Murano, and why it’s definitely worth a visit.
You have probably heard about Murano, and if so, you have connected the name with Glass. That is because Murano Glass is world famous, and the history of the island and the glassmaking techniques is almost as fascinating as that of the Republic itself. Murano is just a stone’s throw away from Venice. It is easy to get to, and you don’t really need to plan the visit, just jump on the Vaporetto and go. Read on and we will explore the origins of Murano glass, how it is made today, how to identify authentic Murano glass, and what else you can do and see on the island.
The history of Murano
Just like Venice, Murano isn’t one island. Instead, it is a group of seven islands connected by bridges. The very first settlers were Roman fishers and rangers. The same people who populated Rialto. Then came the years of growing and building, and Murano was just another of the many settlements in the lagoon that would later become the Republic of Venice.
In the 8th and 9th centuries, it was an important stage for all those escaping various aggressions from the mainland. The refugees fled to Torcello, then further south to Murano before ending up in Rialto/Venice.
The island had a certain independence during the first centuries. At least until 1171 when it was incorporated into the Castello Sestiere. Still, the independence was reinstituted a hundred years later, and from 1275, Murano had its own government… Sort of. And they also had their own money… Sort of.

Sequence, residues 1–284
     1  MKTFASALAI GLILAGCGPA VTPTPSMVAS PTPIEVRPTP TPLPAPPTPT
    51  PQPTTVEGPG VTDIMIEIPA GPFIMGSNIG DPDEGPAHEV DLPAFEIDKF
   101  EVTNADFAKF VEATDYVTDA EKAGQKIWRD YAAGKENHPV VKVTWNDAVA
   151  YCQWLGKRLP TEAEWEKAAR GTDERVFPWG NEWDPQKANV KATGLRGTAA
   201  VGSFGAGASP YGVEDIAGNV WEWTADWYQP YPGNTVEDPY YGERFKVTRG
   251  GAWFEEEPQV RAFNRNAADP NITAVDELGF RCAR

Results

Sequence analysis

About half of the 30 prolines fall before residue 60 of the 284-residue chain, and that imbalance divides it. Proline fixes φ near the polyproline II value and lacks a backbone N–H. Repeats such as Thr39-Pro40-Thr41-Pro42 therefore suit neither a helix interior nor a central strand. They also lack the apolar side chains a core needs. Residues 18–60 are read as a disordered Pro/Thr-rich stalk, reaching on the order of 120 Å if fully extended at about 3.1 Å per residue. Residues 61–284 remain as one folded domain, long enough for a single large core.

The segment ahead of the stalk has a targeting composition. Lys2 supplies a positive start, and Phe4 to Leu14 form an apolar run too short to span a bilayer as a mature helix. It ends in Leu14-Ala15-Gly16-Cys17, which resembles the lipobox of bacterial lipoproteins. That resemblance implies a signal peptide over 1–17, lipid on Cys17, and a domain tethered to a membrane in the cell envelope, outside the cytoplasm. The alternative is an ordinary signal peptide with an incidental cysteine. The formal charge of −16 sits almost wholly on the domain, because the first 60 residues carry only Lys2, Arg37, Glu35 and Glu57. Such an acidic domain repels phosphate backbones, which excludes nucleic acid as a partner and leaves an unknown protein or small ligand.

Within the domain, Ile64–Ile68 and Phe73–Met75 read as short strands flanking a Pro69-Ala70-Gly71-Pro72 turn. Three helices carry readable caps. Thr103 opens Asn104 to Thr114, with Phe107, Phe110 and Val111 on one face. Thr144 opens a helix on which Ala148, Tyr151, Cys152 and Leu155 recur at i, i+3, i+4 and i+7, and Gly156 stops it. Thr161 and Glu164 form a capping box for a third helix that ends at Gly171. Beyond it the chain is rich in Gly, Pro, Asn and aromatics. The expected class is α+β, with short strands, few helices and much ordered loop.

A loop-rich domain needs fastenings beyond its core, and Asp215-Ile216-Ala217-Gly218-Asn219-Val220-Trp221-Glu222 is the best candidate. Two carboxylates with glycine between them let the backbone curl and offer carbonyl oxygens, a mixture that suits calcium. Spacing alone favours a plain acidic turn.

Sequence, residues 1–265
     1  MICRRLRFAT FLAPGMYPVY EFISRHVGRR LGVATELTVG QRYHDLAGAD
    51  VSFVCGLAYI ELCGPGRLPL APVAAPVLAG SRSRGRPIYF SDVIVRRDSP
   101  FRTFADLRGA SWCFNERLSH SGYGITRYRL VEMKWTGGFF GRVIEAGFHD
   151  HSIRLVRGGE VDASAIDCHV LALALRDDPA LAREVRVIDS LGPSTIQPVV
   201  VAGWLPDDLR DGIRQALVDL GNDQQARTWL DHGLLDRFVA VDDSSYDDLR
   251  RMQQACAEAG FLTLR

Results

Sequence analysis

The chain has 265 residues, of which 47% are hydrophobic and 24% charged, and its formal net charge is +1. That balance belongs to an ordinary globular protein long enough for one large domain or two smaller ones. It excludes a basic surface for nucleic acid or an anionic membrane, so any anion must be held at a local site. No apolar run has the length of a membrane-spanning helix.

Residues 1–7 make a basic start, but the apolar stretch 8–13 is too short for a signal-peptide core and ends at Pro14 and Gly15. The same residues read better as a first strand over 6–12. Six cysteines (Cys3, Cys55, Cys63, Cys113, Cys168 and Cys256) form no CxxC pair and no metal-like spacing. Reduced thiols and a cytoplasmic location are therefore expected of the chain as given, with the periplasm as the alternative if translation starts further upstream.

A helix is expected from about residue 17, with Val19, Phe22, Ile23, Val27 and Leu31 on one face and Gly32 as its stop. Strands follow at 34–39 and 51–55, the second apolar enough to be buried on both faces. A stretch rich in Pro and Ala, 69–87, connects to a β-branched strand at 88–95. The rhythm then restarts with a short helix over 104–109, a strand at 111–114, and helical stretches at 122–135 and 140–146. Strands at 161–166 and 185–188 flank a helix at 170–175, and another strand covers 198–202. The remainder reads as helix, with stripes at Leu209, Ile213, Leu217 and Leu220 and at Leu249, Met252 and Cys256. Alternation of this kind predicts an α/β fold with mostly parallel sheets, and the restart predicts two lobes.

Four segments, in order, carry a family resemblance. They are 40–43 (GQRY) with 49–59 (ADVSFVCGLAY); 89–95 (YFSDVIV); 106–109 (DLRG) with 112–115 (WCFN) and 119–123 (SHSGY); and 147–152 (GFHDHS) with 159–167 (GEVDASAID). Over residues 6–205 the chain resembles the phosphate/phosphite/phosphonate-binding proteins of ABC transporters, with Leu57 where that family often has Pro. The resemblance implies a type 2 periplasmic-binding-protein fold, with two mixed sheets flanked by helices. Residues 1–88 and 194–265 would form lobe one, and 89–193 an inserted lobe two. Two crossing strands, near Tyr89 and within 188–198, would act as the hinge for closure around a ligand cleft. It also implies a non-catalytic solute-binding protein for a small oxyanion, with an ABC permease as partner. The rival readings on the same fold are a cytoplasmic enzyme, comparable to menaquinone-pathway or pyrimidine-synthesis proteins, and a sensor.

The history of Murano Glass and how the island became famous all over the world.
The art of molding and blowing glass probably originated in the middle east. As Venice had close contact with the countries in the eastern Mediterranean, La Serenissima was one of the first in Europe to learn and master this strange handicraft. Small workshops started to show up in Venice in the 13th century, and the many glassblowers competed for the rich customers wanting these new and exciting objects.
But the houses in the city in those days were still mainly made out of wood. The many stone palaces weren’t really up yet, and all these furnaces around Venice started to become a hazard. And in fact, quite a few fires originating from the glass workshops had already happened. So, in 1291, a State decree forced all glassmaking to be transferred to Murano. Out there, they figured any fire would be restricted. And that was the beginning of the Famous Murano Glass.
The Murano Glass history until 1737.
The early Venetian glass wasn’t like the artful and colored sculptures you mostly see today. The first century’s glass tradition was mostly transparent, white glass, crystal. The Venetian glass industry produced all kinds of items, even window glass. The uniqueness was that it was extremely clear, without impurities. And it was sought after in all of Europe.
With time, the income from glass production became so huge that the Republic had to step in to regulate the economy and protect the knowledge it was based upon. They did so by granting privileges to the glassmakers, and by punishing disloyalty… The carrot and the stick.
The glassmakers of Murano were allowed to form their own aristocracy, and even to marry within the Venetian noble class. As nobles, they enjoyed diplomatic immunity and many other advantages. And of course, they made a lot of money.